COVID-19

The coronavirus forces North Fork families to mourn loved ones in different ways

For more than 100 years, Frank Zaneski lived what might be described as an archetypical North Fork life.

Born in Cutchogue and raised in Jamesport, the Mattituck man was married to his wife, Mary, for 65 years, had a child here and watched his three grandchildren grow up to make him a great-granddad five times over.

Mr. Zaneski’s son, Ray, described him as a “hard worker,” who kept a job until he was 88 years old. A look at his résumé confirms this to be true. He worked as a bayman, a potato farmer and a truck driver early in life, before beginning a career as a custodian with the Suffolk County courts. Later in life, he was a caretaker for a private estate on New Suffolk Avenue.

Hard of hearing and a widower, Mr. Zaneski spent the end of his life at San Simeon by the Sound Center for Nursing and Rehabilitation in Greenport.

It was there that Ray Zaneski, a retired Mattituck schoolteacher, had hoped to visit his dad earlier this month. When his son showed up, Mr. Zaneski was in physical therapy, and so he was told to return in an hour. But when he arrived back at San Simeon, the younger Mr. Zaneski learned that because of the coronavirus, no more visitors would be allowed into the facility. Neither Ray nor Frank had been affected by COVID-19, but nursing homes and hospitals across the region have been forced to take proactive measures against its spread.

Mr. Zaneski at his 100th birthday party last year. (Credit: Zaneski Family)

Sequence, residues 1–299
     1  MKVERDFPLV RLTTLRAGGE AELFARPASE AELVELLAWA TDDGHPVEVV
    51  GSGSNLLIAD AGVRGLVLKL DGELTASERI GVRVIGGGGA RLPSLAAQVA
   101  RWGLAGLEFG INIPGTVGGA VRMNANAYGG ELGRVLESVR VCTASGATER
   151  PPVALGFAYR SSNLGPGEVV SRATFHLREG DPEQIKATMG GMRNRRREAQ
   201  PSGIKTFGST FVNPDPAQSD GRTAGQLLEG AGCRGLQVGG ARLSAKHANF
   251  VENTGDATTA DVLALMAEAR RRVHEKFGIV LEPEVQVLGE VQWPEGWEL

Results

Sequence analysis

The next time Ray would see his dad would be about two weeks later at DeFriest-Grattan Funeral Home in Mattituck, where he and his wife, Christine, were the only two people permitted to pay their respects, due to the lingering threat of the pandemic. Mr. Zaneski’s last surviving sibling, Isadore, 89, of Islip, had to stay home.

In recent weeks, the Zaneskis are one of many families on the North Fork — and across the globe — to lose both a loved one and the chance to say a traditional goodbye.

“It was pretty surreal,” Ray Zaneski said of the small funeral, which included a trip past his dad’s house and a prayer by a deacon from St. John the Evangelist R.C. Church in Riverhead, before the burial at Sacred Heart R.C. Cemetery in Cutchogue. “It’s something you just can’t believe.”

But it’s a reality more and more families are being forced to come to grips with. 

Karen Heppner of McLaughlin Heppner Funeral Home in Riverhead and Coster-Heppner Funeral Home in Cutchogue has been busy explaining to families what options they have are left.

As of last Friday, those options were limited to direct cremation or direct burial — straight to the crematory or cemetery. Open casket viewings are still available for immediate family, as per guidelines from the New York State Funeral Directors Association. Ms. Heppner said they were following the current guidelines to limit viewings, including one they held Friday morning, to fewer than 10 people at a time.

She’s been trying to shift the focus to what people may be able to do down the road.